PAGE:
MUSIC : Something rather promising in the state of Denmark

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The Independent Culture
TWELVE hundred years ago the Danish brought you rape and pillage; now it's bacon and pastries. These are the insignia of the settled, stable domesticity that makes Denmark a pleasure to visit - the same domesticity that created problems for the British opera administrator Elaine Padmore when she took over the Royal Danish Opera in 1993. Her brief was to shake the place up a bit, raise the standards, remove the dead wood (aka old and much-loved Danish singers), and things have clearly not been easy. Visiting Copenhagen this week, I asked someone active in Danish musical life what he had to say about Padmore. His only comment was: "She seems to have survived."

On the evidence, she seems to have survived rather well. Her contract has just been renewed; the quality of her productions is riding high (witness the Love For Three Oranges that came to London last summer); and her company is about to enjoy an unprecedented profile, as Copenhagen assumes the role of European Capital of Culture for 1996.

Like so much else in Copenhagen at the moment, the Culture Capital programme is be- ing run by a Brit, an expatriate architect called Trevor Davies. Although you may detect a note of national self-reference in the Danish Opera's opening contribution to the programme - Ambroise Thomas's Hamlet - the fact is this piece has precious little in the way of territorial identity at the best of times, and still less in the production it gets here from yet another Englishman, John Cox. He stages it as Victoriana, with Hamlet a Byronic Pre-Raphaelite who has wandered into one of his own paintings, and Ophelia an Elizabeth Siddal look-alike, wearing the long hair and Aesthetic Movement central parting familiar from all those solemn narrative canvases you find in the municipal galleries of Northern towns.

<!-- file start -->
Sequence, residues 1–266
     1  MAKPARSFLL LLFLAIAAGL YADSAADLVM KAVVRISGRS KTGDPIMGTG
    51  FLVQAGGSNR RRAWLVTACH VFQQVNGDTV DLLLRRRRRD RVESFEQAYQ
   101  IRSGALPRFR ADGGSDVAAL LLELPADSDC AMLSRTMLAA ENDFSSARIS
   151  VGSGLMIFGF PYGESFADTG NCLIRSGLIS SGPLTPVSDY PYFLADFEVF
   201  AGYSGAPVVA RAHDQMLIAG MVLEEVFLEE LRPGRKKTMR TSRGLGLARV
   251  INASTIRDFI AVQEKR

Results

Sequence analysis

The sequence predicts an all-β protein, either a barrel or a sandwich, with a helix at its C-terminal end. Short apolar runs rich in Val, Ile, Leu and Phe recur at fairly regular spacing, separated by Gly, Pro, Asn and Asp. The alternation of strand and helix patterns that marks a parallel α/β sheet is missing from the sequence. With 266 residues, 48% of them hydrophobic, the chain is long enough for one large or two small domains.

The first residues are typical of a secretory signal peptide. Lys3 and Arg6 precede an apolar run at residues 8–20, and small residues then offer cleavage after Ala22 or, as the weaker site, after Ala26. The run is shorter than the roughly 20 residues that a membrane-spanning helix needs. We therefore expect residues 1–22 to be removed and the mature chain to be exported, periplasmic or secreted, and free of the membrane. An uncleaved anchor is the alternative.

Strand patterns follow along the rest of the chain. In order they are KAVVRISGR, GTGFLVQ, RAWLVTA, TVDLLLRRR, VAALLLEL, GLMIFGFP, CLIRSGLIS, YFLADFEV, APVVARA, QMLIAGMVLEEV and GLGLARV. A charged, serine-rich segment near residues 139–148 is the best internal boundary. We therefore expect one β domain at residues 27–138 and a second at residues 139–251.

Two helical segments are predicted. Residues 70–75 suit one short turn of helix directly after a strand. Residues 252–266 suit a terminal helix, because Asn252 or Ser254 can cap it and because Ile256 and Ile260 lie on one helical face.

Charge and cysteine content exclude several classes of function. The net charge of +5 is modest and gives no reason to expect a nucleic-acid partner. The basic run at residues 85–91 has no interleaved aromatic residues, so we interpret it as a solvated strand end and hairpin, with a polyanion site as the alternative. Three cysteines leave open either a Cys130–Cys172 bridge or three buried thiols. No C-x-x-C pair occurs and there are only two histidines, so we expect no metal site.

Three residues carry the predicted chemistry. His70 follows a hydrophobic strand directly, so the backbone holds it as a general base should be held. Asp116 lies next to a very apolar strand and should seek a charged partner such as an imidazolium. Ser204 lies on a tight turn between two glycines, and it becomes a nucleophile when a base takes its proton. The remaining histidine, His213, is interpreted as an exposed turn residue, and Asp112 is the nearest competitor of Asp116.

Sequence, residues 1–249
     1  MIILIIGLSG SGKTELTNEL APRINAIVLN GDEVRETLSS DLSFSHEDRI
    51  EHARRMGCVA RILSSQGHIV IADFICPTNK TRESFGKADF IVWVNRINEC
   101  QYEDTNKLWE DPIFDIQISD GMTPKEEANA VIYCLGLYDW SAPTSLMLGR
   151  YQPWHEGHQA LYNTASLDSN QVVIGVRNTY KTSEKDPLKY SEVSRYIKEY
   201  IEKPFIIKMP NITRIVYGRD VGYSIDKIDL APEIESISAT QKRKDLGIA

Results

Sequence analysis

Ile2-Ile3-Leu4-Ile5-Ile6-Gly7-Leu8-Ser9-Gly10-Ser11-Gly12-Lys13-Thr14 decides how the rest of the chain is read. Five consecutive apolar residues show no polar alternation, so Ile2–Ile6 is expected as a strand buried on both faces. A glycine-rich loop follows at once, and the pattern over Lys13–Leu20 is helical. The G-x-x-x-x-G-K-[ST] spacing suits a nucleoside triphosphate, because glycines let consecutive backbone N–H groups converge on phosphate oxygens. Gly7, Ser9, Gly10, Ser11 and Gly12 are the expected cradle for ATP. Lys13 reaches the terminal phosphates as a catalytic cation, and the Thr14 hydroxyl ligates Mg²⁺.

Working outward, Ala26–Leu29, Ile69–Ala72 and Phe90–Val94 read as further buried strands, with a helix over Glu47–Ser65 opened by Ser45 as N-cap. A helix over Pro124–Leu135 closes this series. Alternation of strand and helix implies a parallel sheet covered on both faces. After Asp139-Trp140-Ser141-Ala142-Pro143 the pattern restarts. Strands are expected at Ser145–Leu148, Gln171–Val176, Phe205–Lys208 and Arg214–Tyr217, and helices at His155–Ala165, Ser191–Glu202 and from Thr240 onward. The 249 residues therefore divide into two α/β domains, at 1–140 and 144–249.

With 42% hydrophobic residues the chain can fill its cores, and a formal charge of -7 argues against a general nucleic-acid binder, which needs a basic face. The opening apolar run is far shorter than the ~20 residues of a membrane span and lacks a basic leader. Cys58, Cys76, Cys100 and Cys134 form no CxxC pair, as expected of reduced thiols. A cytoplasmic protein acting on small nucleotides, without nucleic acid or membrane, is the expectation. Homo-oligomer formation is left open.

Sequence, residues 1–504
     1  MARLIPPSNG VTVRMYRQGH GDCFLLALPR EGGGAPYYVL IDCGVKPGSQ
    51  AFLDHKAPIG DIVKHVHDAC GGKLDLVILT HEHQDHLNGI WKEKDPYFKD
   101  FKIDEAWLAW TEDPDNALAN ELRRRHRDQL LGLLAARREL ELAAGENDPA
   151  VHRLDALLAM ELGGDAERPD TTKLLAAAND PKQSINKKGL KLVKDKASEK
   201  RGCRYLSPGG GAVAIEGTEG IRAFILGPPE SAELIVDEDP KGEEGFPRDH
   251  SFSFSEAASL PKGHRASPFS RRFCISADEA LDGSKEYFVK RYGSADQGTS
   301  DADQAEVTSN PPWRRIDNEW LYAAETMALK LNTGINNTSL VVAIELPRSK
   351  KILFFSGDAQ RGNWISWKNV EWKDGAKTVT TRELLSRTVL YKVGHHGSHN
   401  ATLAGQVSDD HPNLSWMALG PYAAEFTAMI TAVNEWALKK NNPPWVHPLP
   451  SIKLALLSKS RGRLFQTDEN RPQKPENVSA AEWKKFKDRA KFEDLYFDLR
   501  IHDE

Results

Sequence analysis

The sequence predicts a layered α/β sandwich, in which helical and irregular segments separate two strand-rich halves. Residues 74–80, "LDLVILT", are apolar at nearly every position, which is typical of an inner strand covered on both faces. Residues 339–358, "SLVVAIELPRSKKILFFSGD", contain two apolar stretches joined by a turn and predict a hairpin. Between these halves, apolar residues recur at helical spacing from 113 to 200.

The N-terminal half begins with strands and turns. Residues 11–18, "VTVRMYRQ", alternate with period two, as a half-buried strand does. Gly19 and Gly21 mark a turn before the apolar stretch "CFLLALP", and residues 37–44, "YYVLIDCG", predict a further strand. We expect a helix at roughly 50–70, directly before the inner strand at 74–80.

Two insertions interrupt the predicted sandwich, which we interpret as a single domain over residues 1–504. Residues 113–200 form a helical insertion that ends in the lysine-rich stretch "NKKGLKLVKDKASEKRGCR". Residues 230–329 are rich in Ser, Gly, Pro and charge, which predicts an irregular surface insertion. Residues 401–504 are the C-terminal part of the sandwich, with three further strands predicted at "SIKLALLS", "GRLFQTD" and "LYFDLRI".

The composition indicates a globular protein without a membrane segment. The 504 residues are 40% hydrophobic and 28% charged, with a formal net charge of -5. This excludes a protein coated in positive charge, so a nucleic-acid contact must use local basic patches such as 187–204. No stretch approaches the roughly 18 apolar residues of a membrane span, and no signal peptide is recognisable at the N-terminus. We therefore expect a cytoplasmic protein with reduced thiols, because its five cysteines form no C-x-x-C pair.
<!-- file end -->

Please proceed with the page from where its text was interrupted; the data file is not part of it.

It could have been over- embellished, fussy; but against stark, clean-cut sets it works extremely well, and even manages to generate excitement which, for a lame old duck like Hamlet a la Ambroise Thomas, is an achievement. If you saw Opera North's recent production you'll remember that their (defeatist) solution was to play the piece at arm's length, as though it was something the cast was stuck with and could only laugh about. But at the Danish Opera it's done with absolute conviction and a real dramatic urgency that makes the piece feel better than it is.

It's also done with some distinguished singing - and this Hamlet has clearly been staged as a showcase for two of the outstanding young vocal talents Denmark currently has on offer. One is Inger Dam Jensen (1993 Cardiff Singer of the World), whose Ophelia offers a combination of brilliance, clarity and emotional truth that transcends the conventions of the mad scene. The other is Bo Boje Skovhus, the sensational (no other word) young Danish baritone whose Hamlet has a physical and vocal dynamism of unnerving strength. If you ever wondered why baritones prize this central role despite the floundering inspiration of the opera as a whole, get on a plane and see him do it. Failing that, listen to his Count in the new Abbado recording of Marriage of Figaro, which was one of my issues of the year for 1995. It's the next best thing.